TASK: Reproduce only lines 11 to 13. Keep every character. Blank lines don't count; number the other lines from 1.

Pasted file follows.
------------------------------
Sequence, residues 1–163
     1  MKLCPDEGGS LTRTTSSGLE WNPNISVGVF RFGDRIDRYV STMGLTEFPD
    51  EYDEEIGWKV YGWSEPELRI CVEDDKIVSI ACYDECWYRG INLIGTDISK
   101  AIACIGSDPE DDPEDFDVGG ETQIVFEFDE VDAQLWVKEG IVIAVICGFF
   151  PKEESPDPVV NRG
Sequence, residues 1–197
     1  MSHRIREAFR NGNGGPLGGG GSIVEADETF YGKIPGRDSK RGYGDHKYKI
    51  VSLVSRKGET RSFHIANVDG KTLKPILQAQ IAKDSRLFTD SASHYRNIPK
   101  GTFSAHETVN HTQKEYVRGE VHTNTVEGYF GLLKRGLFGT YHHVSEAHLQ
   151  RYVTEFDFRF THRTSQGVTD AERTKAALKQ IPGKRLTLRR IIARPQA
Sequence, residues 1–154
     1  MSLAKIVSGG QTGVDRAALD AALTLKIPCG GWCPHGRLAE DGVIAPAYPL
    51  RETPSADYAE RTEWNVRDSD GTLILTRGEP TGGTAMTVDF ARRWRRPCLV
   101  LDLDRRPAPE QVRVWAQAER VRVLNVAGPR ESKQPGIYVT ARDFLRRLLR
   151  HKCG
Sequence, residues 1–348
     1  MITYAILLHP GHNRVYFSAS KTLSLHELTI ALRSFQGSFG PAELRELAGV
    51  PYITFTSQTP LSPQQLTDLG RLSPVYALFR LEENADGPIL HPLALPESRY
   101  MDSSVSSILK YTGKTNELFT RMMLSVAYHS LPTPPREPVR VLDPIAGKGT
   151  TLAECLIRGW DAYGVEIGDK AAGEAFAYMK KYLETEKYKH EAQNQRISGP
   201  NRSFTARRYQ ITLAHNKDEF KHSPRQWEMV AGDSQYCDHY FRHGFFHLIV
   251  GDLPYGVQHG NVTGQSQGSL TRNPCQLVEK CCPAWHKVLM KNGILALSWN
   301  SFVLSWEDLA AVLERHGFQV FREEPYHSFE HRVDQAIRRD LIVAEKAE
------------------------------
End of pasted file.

Sequence, residues 1–154
     1  MSLAKIVSGG QTGVDRAALD AALTLKIPCG GWCPHGRLAE DGVIAPAYPL
    51  RETPSADYAE RTEWNVRDSD GTLILTRGEP TGGTAMTVDF ARRWRRPCLV